What is the most remarkable accomplishment or finding of your project?
The most remarkable accomplishment of this project was the way in which staff from across the city were able to build relationships with teens in their communities during the course of this project. The necessity of having to physically come in and pick up the box at the library encouraged librarians to have conversations with their teens which ultimately contributed to the sense of community and belonging that teens felt within the library. One librarian mentioned that one of the most profound experiences she had as part of this program was being able to provide a TREK to a developmentally disabled teen every month and that, “she and her parents were just ecstatic about this program”. The librarian who eventually created her own off-shoot TREK program noted that, “[k]ids who had been failed by almost all the adults in their lives were being given boxes filled with treats, swag, and books chosen just for them”, and that “[t]he reports back were glowing!”. These TREKs were truly influential in helping us to build bridges back to the teens in our communities.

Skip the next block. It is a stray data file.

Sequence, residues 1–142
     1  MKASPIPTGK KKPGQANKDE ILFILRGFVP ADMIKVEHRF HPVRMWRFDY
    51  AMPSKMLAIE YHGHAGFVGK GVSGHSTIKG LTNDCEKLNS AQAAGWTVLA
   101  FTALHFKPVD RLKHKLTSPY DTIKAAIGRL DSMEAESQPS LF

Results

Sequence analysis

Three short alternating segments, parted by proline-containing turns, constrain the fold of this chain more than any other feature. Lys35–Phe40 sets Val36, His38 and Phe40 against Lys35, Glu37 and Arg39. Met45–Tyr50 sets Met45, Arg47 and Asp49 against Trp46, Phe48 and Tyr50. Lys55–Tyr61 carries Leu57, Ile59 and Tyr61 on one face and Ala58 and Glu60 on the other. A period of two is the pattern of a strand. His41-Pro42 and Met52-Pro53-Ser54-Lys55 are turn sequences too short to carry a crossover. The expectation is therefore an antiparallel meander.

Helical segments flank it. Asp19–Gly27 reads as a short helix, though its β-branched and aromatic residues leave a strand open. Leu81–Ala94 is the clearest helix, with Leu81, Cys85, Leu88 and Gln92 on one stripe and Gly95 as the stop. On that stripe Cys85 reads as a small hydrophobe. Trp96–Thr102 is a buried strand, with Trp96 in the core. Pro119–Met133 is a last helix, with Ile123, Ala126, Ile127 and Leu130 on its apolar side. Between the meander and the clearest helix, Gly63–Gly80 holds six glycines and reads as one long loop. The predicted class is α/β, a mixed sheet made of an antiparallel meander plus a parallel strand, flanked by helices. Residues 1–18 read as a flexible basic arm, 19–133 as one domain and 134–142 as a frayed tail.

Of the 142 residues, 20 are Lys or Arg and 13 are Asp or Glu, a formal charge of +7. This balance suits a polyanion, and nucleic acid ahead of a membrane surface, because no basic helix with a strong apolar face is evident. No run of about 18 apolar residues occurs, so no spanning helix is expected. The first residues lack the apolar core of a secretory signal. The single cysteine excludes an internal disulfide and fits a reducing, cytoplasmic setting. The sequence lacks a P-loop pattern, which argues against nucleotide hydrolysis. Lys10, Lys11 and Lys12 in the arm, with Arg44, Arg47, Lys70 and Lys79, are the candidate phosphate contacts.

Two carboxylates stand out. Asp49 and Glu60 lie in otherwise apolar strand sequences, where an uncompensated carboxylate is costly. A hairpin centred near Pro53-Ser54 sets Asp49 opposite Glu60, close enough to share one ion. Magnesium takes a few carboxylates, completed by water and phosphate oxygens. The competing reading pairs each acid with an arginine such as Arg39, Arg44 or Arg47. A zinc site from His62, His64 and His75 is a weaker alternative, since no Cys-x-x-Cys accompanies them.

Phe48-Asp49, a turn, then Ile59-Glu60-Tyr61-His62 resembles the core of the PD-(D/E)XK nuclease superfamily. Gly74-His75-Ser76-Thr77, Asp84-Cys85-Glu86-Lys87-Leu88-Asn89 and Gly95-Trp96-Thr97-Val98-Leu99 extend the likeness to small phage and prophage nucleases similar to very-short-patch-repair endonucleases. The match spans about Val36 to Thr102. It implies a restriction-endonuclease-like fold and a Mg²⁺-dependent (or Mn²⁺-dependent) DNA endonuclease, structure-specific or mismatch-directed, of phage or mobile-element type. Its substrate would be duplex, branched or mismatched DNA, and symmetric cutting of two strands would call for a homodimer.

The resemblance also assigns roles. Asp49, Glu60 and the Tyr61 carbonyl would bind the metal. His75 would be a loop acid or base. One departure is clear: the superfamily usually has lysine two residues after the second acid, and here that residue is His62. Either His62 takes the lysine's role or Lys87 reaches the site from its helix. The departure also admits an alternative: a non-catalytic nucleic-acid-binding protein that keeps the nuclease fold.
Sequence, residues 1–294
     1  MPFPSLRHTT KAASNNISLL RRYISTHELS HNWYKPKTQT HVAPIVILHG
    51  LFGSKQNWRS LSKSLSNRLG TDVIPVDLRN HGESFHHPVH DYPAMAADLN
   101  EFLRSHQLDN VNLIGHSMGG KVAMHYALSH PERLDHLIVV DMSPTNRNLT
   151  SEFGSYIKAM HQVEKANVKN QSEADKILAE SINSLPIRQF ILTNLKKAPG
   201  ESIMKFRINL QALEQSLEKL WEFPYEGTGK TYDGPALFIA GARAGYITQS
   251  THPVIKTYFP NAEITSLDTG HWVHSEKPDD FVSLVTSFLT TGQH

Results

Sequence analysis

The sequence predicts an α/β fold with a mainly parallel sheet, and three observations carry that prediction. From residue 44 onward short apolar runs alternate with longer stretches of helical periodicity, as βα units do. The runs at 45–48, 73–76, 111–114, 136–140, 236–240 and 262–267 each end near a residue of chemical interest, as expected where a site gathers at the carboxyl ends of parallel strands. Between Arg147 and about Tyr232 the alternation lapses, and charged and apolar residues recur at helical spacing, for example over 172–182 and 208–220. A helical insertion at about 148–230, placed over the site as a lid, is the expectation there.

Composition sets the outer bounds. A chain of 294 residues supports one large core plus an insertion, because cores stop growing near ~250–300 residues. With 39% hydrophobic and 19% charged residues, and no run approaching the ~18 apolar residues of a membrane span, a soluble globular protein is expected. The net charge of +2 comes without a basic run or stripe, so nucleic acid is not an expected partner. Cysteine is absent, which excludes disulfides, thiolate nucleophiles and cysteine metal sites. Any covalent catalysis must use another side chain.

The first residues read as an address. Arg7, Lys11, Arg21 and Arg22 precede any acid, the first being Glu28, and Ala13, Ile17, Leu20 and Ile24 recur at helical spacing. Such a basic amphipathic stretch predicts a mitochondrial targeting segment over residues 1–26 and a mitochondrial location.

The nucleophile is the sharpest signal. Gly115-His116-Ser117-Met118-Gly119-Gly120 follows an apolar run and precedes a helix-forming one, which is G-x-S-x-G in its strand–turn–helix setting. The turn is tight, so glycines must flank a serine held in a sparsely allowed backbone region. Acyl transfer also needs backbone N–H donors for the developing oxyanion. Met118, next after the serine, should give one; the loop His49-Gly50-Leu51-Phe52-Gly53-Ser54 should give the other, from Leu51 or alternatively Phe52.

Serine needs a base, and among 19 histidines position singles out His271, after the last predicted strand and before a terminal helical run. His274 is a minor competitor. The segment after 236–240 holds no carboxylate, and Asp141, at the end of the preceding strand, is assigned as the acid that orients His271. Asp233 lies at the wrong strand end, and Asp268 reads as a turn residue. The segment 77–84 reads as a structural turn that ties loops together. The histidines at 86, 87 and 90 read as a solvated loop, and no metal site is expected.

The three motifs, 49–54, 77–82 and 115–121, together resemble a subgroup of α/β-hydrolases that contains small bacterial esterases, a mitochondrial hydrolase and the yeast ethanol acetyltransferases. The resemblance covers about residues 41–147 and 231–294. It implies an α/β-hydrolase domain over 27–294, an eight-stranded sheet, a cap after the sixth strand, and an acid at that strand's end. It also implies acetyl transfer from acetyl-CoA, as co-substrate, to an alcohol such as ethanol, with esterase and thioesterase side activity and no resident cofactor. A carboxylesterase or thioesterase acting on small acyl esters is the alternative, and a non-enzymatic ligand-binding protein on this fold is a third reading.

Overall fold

Please provide a brief summary of your evaluation activities and/or results, if available.
At the conclusion of this project, our libraries had given away 255 TREKs to 87 teens across the city. Eight of the nine branches participated in the program, and when asked how well the program served the needs of their branch teens on a scale of 1 to 5 (1 being not very well, 5 being very well), staff members gave an average response of 4.4. Staff indicated that teens across the board enjoyed the program, and that if they could change anything about the program, they would open it up to a broader audience since many adults commented on how they would also enjoy receiving a book box of their own. Teens themselves rated the books that they received an average of 4.1 stars (out of 5) and rated the items that they received in their boxes an average of 4.6 stars. Unsurprisingly, one of the most frequent comments from the teens was that they wished there was more candy and snacks in their box!
Anything else you’d like us to know?
I am deeply appreciative to CLRC for allowing us the chance to pilot this program across the city of Syracuse. In a time where our libraries were struggling to get teens back into our doors after having been closed to the public for so long, being able to provide this program to our teens was a great way to begin building what is, in my opinion, the most profound work of public librarianship: strong community relationships. Thank you for this opportunity!
Youth Services Librarian, Onondaga County Public Libraries (OCPL)